Don't be fooled by the title: this is not one of those compilations of quick summaries that help students save face on exams. In fact, Nagan's witty travesties will do a disservice to anyone who wishes to get the gist of The Divine Comedy or Crime and Punishment without plowing through hundreds of pages on his own.
Shielding himself behind a mock epigraph from Tolstoy (who supposedly declared that "I will never write such wordy trash again," after completing War and Peace), Nagan (who writes for A Prairie Home Companion) embarks on the noble mission of shortening great novels to five-minute parodies. The burlesque tone is set from the very beginning, with Nagan's admonition that the classics be read for two reasons: to understand personal misery and death in a broader context, and to impress people in conversation. His selections include 15 works by ancient and modern authors, ranging from Homer to Kerouac, representing genres from epic to science fiction. Nagan maintains original versified forms when possible, skipping over any "troublesome parts" and making up the rest. Before each parody we are offered a zany autobiographical sketch of the author, where fact and fiction are mixed into a tongue-in-cheek cocktail. Dostoevsky is introduced as a "devoutly pious Russian Orthodox Catholic" who was always loyal to the czar and was therefore arrested, executed, and exiled to Siberia. Punning adds to the playfulness of the book, as when Nagan explains that the emancipation of Russian serfs was a failure because there were too few surfers in the country in 1861.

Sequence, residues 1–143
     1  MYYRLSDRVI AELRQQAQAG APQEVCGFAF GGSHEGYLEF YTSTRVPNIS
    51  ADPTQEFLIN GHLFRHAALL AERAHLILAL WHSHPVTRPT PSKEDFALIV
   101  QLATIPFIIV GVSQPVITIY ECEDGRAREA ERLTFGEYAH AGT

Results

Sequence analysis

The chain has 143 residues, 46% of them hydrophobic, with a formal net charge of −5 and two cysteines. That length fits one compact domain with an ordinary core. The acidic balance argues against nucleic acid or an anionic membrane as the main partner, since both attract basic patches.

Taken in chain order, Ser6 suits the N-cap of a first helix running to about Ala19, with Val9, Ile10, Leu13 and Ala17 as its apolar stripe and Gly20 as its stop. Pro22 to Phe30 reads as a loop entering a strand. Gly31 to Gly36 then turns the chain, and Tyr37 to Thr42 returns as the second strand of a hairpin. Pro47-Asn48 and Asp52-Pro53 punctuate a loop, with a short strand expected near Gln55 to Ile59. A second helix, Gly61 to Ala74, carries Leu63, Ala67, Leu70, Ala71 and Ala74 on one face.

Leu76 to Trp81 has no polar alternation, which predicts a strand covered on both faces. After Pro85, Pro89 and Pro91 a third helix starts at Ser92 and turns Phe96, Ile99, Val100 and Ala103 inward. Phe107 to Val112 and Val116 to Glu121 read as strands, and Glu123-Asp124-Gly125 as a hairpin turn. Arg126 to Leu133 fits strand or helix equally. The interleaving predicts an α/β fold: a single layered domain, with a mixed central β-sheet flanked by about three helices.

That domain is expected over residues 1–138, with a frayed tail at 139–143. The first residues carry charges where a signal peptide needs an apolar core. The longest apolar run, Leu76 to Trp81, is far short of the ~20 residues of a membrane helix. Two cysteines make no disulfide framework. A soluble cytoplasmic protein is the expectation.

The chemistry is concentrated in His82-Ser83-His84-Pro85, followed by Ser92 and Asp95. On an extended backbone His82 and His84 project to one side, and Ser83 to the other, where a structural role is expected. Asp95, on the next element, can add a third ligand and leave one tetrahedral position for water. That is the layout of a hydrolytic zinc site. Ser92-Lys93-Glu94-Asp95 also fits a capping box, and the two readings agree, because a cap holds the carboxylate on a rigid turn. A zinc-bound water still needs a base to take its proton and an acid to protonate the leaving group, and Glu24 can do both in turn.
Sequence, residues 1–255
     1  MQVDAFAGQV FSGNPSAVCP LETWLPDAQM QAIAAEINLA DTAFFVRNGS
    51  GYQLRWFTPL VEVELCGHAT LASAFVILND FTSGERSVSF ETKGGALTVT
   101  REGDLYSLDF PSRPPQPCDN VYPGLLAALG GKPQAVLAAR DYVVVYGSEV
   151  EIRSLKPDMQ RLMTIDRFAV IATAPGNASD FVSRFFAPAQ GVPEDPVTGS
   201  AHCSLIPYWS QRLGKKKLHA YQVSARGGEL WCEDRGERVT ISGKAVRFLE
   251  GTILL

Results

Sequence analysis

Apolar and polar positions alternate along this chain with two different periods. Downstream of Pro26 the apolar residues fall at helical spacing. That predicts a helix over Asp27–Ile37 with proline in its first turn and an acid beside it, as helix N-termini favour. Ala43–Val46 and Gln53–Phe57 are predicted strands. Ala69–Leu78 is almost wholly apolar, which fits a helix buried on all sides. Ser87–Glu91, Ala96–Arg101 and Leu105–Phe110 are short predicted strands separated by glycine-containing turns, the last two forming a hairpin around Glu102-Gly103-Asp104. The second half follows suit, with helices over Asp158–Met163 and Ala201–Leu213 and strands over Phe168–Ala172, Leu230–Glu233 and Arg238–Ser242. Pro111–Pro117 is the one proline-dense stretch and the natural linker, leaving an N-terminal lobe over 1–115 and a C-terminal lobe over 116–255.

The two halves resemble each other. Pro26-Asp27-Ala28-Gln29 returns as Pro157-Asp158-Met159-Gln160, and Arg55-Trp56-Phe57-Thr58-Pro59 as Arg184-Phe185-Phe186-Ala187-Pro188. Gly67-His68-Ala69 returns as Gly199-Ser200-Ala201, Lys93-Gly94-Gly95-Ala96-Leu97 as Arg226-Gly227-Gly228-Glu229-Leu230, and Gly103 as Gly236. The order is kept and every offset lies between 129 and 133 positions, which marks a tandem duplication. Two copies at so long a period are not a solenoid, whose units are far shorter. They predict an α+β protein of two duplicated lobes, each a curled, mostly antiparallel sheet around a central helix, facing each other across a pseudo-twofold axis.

Even if you are not familiar with the parodied material, you are sure to enjoy Nagan's biting style and grotesque interpretations of the most sacred texts of Western culture.